Housing: Hate To Say I Told You So

Home prices began to rise again in recent months while mortgage rates move higher and consumers remain as confused as ever. Because I am a non-linear thinker, I immediately thought of the infectious groove of this Hives song from 2000, mainly for two reasons: My wife and I had just been to Sweden earlier this year, and this Swedish rock band just released their first album in a decade.


Did you miss last Friday’s Housing Notes?

August 11, 2023: The Dog Days Of Housing’s Summer

But I digress…

The Definitive Study: ‘Man Caves’ Versus ‘She Sheds’

…and the power of social media explained:

My friend Ryan Lundquist of Sacramento Appraisal Blog posted a chart of “She Shed” mentions in listings across the Sacramento, California metro area. Yet I didn’t feel fulfilled. I needed more so I requested he look at “man caves” too. Hence he updated this important analysis to include both in the following chart.

Fun Facts About Palm Beach Tunnels

Understanding Who Reads Your Market Research

This week a media publication reached out to see how I felt about a pointed criticism on “X” (formerly known as Twitter) of our rental market coverage which seemed to be oblivious to the limitations on open market rental coverage in NYC. It’s a free country so I thought it was best to engage with the writer of the post directly rather than go through the media outlet to do it.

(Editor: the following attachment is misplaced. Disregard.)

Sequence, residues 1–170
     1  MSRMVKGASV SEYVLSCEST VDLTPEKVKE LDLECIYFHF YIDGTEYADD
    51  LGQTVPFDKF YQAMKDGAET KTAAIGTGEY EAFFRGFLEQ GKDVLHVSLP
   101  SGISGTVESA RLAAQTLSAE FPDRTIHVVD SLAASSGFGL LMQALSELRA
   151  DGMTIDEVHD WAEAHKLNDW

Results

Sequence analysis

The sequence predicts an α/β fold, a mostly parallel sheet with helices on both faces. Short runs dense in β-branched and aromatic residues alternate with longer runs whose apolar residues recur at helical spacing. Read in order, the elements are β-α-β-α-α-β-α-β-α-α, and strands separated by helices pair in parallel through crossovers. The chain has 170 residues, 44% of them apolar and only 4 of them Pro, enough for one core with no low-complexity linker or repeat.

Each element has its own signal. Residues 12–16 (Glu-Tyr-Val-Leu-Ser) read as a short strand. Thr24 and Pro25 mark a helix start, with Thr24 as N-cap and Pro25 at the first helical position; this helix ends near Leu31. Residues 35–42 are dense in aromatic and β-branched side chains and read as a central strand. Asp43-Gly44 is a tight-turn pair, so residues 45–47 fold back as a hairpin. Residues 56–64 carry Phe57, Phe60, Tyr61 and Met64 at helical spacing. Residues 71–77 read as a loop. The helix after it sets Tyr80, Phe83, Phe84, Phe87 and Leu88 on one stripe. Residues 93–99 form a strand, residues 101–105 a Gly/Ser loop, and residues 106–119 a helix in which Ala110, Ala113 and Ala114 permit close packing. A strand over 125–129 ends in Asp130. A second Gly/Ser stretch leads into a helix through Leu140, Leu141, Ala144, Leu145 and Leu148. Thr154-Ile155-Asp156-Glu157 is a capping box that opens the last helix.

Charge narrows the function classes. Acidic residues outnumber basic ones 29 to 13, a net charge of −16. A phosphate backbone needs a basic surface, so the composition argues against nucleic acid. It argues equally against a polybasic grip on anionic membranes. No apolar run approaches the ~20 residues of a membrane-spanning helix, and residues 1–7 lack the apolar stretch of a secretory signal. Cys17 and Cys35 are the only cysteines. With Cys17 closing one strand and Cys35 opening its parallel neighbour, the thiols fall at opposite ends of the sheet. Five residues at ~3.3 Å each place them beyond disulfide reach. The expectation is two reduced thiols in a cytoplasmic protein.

I added to Andrew Fine’s original post with five replies comprising a thread (not sure if I did that right). Since I was two days late to the post (party), there was no engagement to my replies, a fact of life in new Twitter (a.k.a “X”).

I DM’d Andrew to reach out and he quickly responded. We had a great conversation and I hope to stay in touch. I make it a point to always contact people directly who throw shade, whether in a speech or social media or an article, just to get to the bottom of it.

He was speaking from another silo that these reports shouldn’t be trusted, making the real estate community out to be the bad guys at first glance. Yet most reporters I connect with understand what these reports represent: open market (no rent stabilized or rent controlled) rentals using new leasing data (no renewals) because that’s all there is. This is a national reality, not just a NYC reality. I contend the readers of our rental report and any other brokerage rental reports covering this market understand what the content represents and recognizes the small number of transactions they are based on relative to the much larger number of rental units in each borough.

Andrew insisted he wasn’t criticizing the accuracy of my rental report itself even though that’s how I read it – so my Twitter replies are probably moot. His said his concern was more about how the media doesn’t qualify what rental market research represents even though we disclose it in a methodology link in every report. He was looking beyond readers of our report to people that just read the coverage headlines. The reality of media coverage is the reporter writing about the story usually doesn’t write the headlines.